Unpaid invoices, it’s something that you as an entrepreneur prefer to have to deal with as little as possible. Yet it is a reality. Even before the corona crisis, forty percent of the invoices remained open after due date. Ten percent of that is an outright default and is never paid. Only three percent is written off as unrecoverable. But what can you do as an entrepreneur to get this percentage as close to zero as possible? If you take a number of preventive and thoughtful steps yourself, the chances are much bigger that your invoices will be paid on time.
Step 1: screen new customers
Bringing in a new customer is of course fantastic, but also take the time to see who you are dealing with. After all, you want to work with a stable partner. A quick background check will give you a better picture of your customer’s reputation and financial situation.
Ask yourself the following questions:
- Does the company have a good reputation in its sector?
- Are they easy to find online?
- Where exactly is the company located?
- How accessible are they via email, landline or mobile phone?
- What does the annual balance sheet look like on the website of the National Bank?
- Who runs the company?
- Search for customer experiences on Google or social media.
Step 2: draw up clear terms and conditions
In your invoice conditions you record clear agreements, such as payment methods and terms and what will happen if your customer doesn’t pay on time. You also include the extra costs that are charged for non-payment. Provide these terms and conditions to all your customers. Also state them on the back of your invoice or refer to them via a link if you are invoicing digitally.
Step 3: invoice quickly and correctly
If you have made a delivery of provided a service, invoice quickly and correctly (no later than the fifteenth of the month following the performance). Make sure your invoice contains all necessary information and don’t forget to refer to your invoice conditions.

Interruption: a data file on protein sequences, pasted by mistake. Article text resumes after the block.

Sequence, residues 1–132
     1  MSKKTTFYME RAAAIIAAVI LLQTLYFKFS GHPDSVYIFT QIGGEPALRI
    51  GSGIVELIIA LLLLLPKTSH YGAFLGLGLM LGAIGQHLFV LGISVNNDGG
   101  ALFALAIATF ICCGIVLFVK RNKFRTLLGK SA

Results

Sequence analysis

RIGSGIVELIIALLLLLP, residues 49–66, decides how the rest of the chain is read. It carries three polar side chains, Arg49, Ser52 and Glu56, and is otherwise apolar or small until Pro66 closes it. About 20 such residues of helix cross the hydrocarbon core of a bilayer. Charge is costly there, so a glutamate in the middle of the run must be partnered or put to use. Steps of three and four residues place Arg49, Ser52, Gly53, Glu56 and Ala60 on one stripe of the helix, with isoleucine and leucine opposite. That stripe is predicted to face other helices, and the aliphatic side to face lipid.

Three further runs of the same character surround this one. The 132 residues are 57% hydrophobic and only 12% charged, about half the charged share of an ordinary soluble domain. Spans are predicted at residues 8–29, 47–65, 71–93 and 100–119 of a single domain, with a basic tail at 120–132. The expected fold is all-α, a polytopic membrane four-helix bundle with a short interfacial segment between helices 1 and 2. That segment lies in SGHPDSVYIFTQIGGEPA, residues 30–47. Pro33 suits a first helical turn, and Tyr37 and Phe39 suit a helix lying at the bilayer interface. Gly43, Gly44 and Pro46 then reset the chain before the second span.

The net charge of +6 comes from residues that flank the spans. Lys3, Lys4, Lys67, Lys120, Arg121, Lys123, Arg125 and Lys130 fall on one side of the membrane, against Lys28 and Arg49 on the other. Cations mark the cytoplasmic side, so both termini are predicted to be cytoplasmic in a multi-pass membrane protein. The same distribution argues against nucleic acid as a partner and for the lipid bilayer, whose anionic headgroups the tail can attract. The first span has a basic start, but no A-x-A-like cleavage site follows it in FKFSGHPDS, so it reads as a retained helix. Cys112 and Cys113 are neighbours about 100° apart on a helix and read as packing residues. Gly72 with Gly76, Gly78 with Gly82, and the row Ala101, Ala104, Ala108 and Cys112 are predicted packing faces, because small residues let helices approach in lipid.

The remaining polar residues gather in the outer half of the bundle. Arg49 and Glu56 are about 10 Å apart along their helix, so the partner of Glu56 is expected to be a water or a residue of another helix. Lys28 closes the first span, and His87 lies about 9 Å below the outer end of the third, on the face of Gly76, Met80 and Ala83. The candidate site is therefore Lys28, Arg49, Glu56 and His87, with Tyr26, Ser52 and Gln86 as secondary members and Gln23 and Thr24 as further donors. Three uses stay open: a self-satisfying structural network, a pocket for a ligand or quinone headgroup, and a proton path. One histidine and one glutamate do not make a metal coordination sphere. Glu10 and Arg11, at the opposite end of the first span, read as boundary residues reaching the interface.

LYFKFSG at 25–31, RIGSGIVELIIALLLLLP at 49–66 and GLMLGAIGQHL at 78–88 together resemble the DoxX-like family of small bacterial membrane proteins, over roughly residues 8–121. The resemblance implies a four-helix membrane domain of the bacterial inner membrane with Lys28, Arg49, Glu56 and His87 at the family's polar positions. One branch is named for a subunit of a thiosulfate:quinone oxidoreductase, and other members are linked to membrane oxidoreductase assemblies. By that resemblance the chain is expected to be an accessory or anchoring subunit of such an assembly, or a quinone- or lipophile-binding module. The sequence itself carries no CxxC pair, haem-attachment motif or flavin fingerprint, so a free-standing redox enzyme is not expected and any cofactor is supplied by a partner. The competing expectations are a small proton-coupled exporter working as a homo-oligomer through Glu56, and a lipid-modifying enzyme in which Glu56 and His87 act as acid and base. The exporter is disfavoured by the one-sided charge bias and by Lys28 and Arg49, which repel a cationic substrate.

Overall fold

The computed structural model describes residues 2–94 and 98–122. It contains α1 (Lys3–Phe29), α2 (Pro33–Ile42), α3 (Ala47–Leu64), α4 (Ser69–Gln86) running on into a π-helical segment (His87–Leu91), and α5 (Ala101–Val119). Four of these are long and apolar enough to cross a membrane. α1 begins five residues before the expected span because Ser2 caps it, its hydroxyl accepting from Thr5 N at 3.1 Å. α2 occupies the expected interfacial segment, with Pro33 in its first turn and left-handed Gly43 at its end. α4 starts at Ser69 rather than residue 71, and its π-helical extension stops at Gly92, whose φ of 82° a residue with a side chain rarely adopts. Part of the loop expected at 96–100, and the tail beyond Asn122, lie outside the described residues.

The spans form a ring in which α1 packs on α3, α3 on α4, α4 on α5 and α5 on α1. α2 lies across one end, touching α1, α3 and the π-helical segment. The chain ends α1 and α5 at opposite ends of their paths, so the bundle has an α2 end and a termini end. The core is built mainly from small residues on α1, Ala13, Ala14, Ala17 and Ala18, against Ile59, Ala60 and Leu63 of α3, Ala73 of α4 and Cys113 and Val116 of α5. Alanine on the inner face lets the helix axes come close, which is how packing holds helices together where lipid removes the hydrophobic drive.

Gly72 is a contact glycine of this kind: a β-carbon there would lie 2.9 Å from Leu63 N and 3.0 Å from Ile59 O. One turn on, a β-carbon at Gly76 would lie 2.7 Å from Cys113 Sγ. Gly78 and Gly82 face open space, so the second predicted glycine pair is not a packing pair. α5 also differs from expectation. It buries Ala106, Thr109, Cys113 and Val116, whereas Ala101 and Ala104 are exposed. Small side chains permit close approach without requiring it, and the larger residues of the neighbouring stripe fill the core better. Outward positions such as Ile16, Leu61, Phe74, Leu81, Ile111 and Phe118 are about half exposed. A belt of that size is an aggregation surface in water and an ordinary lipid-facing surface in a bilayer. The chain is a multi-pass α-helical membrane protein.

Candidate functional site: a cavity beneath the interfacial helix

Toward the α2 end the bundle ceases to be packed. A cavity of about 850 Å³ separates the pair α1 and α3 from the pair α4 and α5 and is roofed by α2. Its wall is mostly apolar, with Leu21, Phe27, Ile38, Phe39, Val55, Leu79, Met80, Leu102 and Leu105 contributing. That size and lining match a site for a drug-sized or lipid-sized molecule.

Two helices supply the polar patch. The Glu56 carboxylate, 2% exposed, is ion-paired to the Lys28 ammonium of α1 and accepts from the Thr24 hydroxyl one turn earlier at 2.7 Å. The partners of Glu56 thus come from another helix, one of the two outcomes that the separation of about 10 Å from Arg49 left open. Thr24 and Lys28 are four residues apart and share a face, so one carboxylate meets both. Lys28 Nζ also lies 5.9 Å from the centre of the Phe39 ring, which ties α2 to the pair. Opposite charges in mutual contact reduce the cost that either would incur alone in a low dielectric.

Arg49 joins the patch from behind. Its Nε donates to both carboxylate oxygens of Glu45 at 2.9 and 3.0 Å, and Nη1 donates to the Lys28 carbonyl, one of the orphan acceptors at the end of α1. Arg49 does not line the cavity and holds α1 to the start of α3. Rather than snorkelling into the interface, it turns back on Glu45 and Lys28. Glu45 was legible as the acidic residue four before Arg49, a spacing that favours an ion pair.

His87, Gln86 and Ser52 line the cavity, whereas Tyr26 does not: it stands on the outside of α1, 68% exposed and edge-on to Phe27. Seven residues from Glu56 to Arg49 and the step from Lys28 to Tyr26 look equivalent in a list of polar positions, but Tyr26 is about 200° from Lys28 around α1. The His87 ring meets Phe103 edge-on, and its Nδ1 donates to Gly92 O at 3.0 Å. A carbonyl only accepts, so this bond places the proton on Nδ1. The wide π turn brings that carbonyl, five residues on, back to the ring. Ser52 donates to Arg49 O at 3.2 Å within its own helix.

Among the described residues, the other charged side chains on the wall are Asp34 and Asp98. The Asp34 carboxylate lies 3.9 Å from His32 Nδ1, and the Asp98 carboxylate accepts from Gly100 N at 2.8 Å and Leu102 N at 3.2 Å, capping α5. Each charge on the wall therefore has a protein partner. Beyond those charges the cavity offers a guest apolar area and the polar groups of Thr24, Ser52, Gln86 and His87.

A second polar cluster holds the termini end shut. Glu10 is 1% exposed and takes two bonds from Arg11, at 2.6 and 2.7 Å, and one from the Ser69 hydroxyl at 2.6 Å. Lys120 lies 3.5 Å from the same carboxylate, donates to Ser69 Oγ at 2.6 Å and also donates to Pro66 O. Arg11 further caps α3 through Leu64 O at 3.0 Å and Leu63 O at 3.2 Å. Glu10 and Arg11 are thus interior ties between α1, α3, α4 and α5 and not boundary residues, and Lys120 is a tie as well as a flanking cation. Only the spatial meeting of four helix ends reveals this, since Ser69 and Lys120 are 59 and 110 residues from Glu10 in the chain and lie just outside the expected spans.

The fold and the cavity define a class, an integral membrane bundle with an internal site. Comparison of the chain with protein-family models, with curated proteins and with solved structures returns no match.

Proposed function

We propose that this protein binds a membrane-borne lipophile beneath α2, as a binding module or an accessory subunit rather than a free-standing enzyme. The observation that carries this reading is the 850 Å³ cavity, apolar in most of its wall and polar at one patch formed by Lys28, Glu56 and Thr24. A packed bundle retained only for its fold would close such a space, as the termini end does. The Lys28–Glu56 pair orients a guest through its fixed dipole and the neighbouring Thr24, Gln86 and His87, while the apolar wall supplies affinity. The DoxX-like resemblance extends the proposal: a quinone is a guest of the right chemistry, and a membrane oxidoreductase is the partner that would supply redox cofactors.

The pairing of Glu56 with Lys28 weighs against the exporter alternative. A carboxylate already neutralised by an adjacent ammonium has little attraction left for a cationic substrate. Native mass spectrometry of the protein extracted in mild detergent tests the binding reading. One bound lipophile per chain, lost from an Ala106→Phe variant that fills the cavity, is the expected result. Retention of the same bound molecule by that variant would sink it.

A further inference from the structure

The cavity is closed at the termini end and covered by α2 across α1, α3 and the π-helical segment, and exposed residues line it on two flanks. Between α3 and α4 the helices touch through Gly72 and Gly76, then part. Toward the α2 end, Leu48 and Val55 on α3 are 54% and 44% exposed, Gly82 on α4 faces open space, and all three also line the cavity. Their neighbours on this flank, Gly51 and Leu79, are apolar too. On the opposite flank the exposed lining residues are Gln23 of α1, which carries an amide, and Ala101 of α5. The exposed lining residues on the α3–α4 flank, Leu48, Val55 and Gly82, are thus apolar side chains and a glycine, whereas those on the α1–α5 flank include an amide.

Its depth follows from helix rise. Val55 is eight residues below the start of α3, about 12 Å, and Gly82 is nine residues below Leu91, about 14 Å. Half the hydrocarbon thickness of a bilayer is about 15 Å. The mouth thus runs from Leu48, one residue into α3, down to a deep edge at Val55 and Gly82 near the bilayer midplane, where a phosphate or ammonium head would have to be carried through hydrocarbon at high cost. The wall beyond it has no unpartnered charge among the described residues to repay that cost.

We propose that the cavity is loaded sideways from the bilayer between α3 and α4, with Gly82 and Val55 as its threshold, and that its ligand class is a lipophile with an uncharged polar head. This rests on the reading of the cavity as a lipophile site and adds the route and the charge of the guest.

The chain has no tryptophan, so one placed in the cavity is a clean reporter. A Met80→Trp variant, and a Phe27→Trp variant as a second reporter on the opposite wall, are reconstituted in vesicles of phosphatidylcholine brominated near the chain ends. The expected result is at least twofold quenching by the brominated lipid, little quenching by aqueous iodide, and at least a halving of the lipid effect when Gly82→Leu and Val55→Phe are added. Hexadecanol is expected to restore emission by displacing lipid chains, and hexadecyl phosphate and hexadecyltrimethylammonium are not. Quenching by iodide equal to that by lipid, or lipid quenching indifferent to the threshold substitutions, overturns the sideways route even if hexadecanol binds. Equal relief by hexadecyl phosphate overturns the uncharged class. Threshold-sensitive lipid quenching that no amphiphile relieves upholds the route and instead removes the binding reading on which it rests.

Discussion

If you are unable to invoice everything quickly, you can work with a prepayment, interim invoices or advance payments. Talk about it with your customer and make clear agreements. In construction, for example, it is customary to charge an advance as soon as the materials have been ordered. Include those agreements in your invoice conditions.
Step 4: follow up on payments
Follow up your invoices closely and immediately send a reminder when your due date has passed and payment has not been made. If necessary, contact your customer informally by telephone. Do you reminders remain unanswered? Then send an official registered letter of default.
Set up a system of reminders so that you can follow up your invoices easily and don’t miss anything. E-invoicing can be a great added value.
Step 5: seek external help
If you don’t have the time or willingness to chase up unpaid invoices yourself, or your previous efforts have been in vain, it’s time to call in a specialist. At Go Solid you find a fast and easy solution free of charge for your uncontested invoices. Send us your invoice via our website and find out for yourself!
Better safe than sorry. A cliché that certainly applies to unpaid invoices. Be prepared when dealing with unpaid invoices. Go Solid is always there for you.
Looking for more tips & tricks to optimize your invoicing and follow-up process? Download our free e-book now!